Jamey Young

Researchers feed cells with the labeled nutrient, and the carbon-13 acts as a tag that can be traced through metabolic reactions and detected with mass spectrometry.

“Carbon metabolism is central to all cells,” Young said. “We are able to trace the major metabolic pathways of bacteria, plants, or animals using carbon-13. The fact that it is not radioactive makes it safe and easy to use in the lab.”

Similar to the way Google uses cell phone data to trace the flow of cars on the highway and produce a traffic map, analysis of carbon-13 labeling data with INCA can provide a “flux map” describing the flow of atoms through metabolic pathways inside of cells.

“Most of our experiments are designed to compare those traffic flows under different conditions, to see how cells behave under normal conditions versus in response to a disease, drug treatment, or a genetic change in the cells’ DNA,” Young said.



He plans to release a major update—the first since 2014—to INCA later this year. INCA, which is MATLAB-based, is further distinguished as the first publicly available software package that can analyze both steady-state and dynamic labeling experiments. The latter are especially relevant to photosynthetic organisms and cell cultures that metabolize the tracer very slowly.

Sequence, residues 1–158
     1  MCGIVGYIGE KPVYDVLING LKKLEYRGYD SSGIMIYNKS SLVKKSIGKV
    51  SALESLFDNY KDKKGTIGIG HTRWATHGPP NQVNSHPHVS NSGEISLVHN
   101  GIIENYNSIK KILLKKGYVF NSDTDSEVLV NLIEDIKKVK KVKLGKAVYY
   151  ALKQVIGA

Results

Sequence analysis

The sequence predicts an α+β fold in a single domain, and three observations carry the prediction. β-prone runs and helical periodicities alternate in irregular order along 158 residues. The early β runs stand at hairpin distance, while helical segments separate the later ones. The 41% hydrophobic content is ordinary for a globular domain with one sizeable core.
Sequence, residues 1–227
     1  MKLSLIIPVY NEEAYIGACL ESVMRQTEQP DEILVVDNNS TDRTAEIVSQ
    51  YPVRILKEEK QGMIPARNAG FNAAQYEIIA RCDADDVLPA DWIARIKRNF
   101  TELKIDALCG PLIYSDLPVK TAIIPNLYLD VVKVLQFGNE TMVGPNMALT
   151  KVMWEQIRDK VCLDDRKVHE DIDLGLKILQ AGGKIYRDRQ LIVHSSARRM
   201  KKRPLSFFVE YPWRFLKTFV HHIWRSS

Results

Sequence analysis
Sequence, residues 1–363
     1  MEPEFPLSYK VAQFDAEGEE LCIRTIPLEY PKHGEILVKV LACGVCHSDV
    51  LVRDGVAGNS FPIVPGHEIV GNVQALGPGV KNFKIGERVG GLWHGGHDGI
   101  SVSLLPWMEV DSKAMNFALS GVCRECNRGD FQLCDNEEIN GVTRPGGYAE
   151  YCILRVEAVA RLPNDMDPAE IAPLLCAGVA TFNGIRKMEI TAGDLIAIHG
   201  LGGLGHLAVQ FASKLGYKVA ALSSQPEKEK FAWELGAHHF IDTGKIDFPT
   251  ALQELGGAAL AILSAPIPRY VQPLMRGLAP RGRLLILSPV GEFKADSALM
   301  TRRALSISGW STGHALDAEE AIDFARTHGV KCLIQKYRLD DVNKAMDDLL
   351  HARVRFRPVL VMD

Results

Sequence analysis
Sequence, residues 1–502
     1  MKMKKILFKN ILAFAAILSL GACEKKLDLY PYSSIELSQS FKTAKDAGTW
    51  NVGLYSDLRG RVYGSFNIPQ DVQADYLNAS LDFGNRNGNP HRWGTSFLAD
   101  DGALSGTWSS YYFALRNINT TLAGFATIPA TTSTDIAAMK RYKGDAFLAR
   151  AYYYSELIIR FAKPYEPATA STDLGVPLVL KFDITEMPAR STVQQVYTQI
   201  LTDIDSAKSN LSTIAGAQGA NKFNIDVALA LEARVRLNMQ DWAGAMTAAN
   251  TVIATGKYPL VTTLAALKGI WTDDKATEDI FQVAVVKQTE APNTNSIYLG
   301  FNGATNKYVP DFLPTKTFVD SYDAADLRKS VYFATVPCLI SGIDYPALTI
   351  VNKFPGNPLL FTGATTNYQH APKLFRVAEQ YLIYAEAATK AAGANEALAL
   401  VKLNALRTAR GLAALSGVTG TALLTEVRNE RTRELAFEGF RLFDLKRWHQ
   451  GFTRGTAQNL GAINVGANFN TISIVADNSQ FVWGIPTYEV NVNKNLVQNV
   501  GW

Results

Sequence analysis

The Young lab has used INCA to achieve several breakthroughs, including the first comprehensive carbon-13 flux studies of photosynthetic bacteria and plant leaves. Young also co-founded Metalytics, Inc., which uses INCA to provide metabolic flux analysis services to the biotech industry.

Wide use in industry and academia

Many companies and academic labs are interested in using INCA to speed up the production of biochemicals or drugs made from genetically engineered cells. By pinpointing traffic bottlenecks and inefficiencies in the metabolism of the host cells, researchers can add or remove genes to create detours or block paths that lead in the wrong direction. Biomedical researchers also use INCA to understand how metabolic fluxes are misdirected due to a disease, which can lead to new treatments or diagnostics that target the basic cellular mechanisms of the illness.